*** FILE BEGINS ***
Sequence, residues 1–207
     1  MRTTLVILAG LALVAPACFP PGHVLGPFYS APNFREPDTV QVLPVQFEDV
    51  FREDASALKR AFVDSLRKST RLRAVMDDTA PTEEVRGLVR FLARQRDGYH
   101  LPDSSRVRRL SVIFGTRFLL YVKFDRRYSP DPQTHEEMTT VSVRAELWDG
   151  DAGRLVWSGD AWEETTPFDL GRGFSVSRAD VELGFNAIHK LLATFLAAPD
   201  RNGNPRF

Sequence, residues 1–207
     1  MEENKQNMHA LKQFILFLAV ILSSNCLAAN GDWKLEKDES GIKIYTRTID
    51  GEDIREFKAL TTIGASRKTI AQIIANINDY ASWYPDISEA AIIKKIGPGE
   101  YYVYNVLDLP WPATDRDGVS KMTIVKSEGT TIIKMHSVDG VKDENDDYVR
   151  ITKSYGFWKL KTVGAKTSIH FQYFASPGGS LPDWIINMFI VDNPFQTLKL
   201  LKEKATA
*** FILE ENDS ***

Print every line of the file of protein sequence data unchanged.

Sequence, residues 1–207
     1  MRTTLVILAG LALVAPACFP PGHVLGPFYS APNFREPDTV QVLPVQFEDV
    51  FREDASALKR AFVDSLRKST RLRAVMDDTA PTEEVRGLVR FLARQRDGYH
   101  LPDSSRVRRL SVIFGTRFLL YVKFDRRYSP DPQTHEEMTT VSVRAELWDG
   151  DAGRLVWSGD AWEETTPFDL GRGFSVSRAD VELGFNAIHK LLATFLAAPD
   201  RNGNPRF

Sequence, residues 1–207
     1  MEENKQNMHA LKQFILFLAV ILSSNCLAAN GDWKLEKDES GIKIYTRTID
    51  GEDIREFKAL TTIGASRKTI AQIIANINDY ASWYPDISEA AIIKKIGPGE
   101  YYVYNVLDLP WPATDRDGVS KMTIVKSEGT TIIKMHSVDG VKDENDDYVR
   151  ITKSYGFWKL KTVGAKTSIH FQYFASPGGS LPDWIINMFI VDNPFQTLKL
   201  LKEKATA